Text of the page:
Sunday, August 06, 2006

I Can Die Now. I Saw Tom Waits At The Ryman.

What can I say?

Last night's show was the perfect reward to sixteen years of waiting for Waits. Discovering the music of Tom Waits back in 1990 while working at Turtle's Records was the single greatest result of having worked at a record store. It was either Heartattack And Vine or Nighthawks At The Diner, and from there I was buying up his back catalogue and waiting with bated breath for upcoming releases - Bone Machine was my first new release purchase.

Anyway, here it is, the year 2006, and my day was made when the lovely Janet at Out The Other (her most recent show streams here) made the announcement that Tom Waits would be playing Nashville. I had missed him the last time he played my fair city as I was about three at the time. Within weeks, I was on vacation in a little beach town, logging onto on my laptop in a hotel lobby. Clad in flip flops and shorts, other vacationers must have thought me to be a poor workaholic who just couldn't leave his work alone for a week. They didn't know that I was a rabid Raindog and my wife at my side was enabler to my addiction, reading the credit card number to me as I completed my transaction. Final result? August 5, Ryman Auditorium, Main Floor, Section 6, Row P, Seat 8. Confirmed.

Waiting for the show date was painful and beautiful. August 5 arrived and at 2:30 I picked up my ticket at will-call. Immediately, a couple behind me asked if I was from out-of-town like them. "Nope, I live here," I replied. I met a lot of people before the show and none of them were local. Buffalo Billiards on 2nd Ave was the official meeting place for show attendees and it was there that I met two cool guys from Dallas, an odd duck from Virginia, and another guy whose city I didn't get, but this was his third stop following Tom Waits around and as I recall, he had been sleeping in his car here and there.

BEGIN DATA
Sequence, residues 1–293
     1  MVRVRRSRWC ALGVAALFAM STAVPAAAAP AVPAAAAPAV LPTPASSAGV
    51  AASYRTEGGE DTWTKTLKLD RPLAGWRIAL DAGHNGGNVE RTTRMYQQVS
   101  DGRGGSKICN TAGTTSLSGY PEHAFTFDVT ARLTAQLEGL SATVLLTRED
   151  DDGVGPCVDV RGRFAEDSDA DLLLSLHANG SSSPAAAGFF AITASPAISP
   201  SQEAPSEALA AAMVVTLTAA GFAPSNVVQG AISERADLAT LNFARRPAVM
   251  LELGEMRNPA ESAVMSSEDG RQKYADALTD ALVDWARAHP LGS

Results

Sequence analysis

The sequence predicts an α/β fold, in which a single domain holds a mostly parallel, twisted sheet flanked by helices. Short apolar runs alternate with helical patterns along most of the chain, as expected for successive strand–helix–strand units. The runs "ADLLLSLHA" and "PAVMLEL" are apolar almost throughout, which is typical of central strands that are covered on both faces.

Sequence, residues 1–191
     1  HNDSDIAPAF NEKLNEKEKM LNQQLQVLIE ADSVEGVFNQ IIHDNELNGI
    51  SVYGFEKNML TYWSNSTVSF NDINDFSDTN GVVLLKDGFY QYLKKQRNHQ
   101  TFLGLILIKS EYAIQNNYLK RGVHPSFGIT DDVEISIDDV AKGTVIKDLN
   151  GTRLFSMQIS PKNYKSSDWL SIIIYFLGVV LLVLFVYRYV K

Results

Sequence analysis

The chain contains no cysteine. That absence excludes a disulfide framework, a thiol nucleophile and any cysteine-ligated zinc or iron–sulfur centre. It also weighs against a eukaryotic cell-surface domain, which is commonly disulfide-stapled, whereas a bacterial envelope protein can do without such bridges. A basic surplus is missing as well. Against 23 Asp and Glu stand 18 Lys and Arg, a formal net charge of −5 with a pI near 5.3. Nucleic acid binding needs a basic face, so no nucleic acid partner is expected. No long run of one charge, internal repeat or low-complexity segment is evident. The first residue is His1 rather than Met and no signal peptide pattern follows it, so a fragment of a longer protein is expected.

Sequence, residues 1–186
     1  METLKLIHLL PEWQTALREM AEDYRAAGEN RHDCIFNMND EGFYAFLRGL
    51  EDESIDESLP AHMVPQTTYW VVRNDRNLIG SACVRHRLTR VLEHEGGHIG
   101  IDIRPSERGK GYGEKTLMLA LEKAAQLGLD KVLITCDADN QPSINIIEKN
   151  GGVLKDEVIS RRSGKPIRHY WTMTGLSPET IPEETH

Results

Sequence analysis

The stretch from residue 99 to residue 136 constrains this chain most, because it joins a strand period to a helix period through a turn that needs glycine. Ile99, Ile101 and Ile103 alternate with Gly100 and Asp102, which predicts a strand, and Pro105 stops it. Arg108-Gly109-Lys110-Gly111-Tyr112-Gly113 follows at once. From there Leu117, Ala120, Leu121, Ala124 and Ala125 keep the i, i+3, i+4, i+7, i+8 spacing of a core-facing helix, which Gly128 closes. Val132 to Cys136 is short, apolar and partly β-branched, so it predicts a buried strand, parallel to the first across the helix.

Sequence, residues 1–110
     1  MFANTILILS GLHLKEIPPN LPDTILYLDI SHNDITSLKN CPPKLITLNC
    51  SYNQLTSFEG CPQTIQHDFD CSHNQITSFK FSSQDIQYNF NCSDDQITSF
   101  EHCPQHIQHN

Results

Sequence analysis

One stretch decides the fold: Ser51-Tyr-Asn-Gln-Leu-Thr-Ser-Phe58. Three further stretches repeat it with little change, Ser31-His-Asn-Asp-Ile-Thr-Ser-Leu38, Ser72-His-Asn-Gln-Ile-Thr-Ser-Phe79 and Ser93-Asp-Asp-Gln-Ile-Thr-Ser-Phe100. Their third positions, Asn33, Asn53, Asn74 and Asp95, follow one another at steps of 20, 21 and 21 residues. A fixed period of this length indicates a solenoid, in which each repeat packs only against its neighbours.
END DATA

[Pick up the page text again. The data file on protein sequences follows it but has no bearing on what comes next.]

Norway and England were represented by attendees as well. My English friend had seen Tom on the Raindogs tour and the man from Chicago sitting next to him had seen him on the last tour. I was in my element. Music fans all about, two hours of talking records and radio with the two guys from Dallas, and I really began to miss my record store days. If I could find the time, I would apply for a part time job at Tower Records just to get back to that.

But the concert.

The stage was set up simply with drums on the left, upright bass next, and keyboards and percussion on the right. Sitting somewhere in between was a small and odd assortment of items including a bullhorn. The curtain behind these creations was a warm and pale color. Shortly after 8:00 the lights dimmed and my goosebumps arrived. The band casually walked onto stage and took their spots - Casey Waits on drums, Larry Taylor on upright bass, Duke Robillard on guitar, and Brent Clausen handling all things percussion.

And then entered Tom. In appropriate reverence, all in the crowd stood and applauded. Dressed in basic work pants and jacket, Tom took the mic and growled my recent favorite, "Make It Rain." I wasn't watching a concert; I was watching theater. Animated and full of gestural intensity, Tom worked his artistry and gave a commanding and beautiful show.

Focusing not on any one part of his career but touching on all of his varied styles, he really gave the perfect performance. The thing that really will stay with me is how well the lighting was used. With blue lights from above and a white spotlight from below, every glance at his face was like a glimpse at a stirring photograph. And that spotlight from below cast the most enormous and spooky shadow of the entertainer onto the curtain behind him.